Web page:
I recently got together with some folks, including a single mother by choice (SMC) who is a full-time mom and her delightful 14 month old son. She was clearly relishing being his mom, and he was equally clearly adoring her. When we got to chatting a bit, she confided to me that she was feeling a little bit guilty about how much she was enjoying being a mother. After all, she said, didn’t the women of earlier generations go through a lot in order for women to have the right to be liberated from being “just mothers”? Was it okay for her to WANT to spend her time being a mom? And to enjoy it so much?
Having been one of those women whose consciousness was raised in the tumultuous sixties, I pondered her question for a moment, and then remembered — it was all about CHOICE. We believed that women should have the CHOICE to work and not to be a mom, or to work and be a mom — or to do whatever we wanted — and most importantly, we wanted to have the opportunity to achieve as much as any man.
Sure, some of the women in the movement felt we should reject motherhood and be more ambitious, that we should aim for loftier goals. But many of us also knew that there are infinite delights in being a mother, and we didn’t want to miss out on them. I was one of those women. I worried, as the years went by and I didn’t find someone I loved, that perhaps I would never be a mom. And then, when I became a mother, I remember thinking how fortunate I was to have that opportunity. I cherished every single minute of that experience, even the rough ones, especially during the early years of my son’s life when I almost couldn’t believe that I was really a mother.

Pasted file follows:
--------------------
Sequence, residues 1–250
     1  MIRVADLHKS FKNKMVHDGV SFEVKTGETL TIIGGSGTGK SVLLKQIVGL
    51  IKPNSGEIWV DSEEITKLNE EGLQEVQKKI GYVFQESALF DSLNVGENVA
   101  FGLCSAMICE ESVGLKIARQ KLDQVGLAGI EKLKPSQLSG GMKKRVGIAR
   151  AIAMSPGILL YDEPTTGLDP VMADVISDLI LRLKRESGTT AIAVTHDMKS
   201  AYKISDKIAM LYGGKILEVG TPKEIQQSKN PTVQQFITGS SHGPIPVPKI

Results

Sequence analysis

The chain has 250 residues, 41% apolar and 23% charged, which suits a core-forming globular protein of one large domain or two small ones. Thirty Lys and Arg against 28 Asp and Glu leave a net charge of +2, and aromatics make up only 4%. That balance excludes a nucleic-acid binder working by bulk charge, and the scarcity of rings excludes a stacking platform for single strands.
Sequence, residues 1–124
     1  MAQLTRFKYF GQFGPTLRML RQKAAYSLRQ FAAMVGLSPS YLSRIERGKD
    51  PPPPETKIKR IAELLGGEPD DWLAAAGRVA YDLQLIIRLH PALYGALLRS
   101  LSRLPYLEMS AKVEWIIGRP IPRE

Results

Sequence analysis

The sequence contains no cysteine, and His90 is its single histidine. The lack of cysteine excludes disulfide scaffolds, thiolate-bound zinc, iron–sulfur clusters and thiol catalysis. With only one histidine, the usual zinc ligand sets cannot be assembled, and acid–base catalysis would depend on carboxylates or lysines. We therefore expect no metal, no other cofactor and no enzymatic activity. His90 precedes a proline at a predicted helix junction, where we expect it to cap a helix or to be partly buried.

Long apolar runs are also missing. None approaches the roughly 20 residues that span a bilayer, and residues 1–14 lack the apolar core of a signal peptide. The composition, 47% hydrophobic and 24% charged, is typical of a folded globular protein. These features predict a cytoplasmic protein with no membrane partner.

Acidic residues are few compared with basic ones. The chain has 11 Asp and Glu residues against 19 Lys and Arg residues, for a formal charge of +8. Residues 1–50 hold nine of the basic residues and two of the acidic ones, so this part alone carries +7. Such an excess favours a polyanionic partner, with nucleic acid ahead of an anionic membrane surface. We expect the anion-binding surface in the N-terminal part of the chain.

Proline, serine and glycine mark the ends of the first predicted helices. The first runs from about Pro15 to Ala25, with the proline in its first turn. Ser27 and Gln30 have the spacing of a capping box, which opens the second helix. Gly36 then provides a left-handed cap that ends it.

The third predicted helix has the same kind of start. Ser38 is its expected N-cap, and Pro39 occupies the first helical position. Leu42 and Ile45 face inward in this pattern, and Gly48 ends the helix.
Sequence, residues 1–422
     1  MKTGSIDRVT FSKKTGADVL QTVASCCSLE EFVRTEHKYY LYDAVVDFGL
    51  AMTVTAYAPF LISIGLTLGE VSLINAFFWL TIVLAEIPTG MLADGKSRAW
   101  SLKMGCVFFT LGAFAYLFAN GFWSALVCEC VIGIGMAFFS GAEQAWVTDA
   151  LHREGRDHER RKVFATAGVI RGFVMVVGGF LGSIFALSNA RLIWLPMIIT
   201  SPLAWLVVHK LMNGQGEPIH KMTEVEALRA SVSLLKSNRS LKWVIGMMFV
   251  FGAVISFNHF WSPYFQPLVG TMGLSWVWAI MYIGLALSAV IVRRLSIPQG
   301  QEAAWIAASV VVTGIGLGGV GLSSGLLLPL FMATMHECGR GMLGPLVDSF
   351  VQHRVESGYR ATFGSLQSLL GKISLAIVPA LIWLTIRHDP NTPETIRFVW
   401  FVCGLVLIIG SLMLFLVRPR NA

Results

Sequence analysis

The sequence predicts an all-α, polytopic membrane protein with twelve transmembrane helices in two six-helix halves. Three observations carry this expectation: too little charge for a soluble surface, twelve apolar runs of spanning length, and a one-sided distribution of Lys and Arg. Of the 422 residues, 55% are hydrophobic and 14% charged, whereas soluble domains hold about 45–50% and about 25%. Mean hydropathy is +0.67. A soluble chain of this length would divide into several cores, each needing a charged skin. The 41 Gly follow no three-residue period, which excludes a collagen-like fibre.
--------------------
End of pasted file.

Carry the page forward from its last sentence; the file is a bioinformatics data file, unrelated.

I will never forgot how close I came to being childless. But thanks in great part to the women’s movement, I had the CHOICE to be a mother as a single woman, a choice that the generation of women before mine did not have. And for that, I will be eternally grateful to the women who made it possible for us to have choices about what we do with our lives, even if what we want to do is “just” be a mother.
Jane Mattes, LCSW
Founder and Director, SMC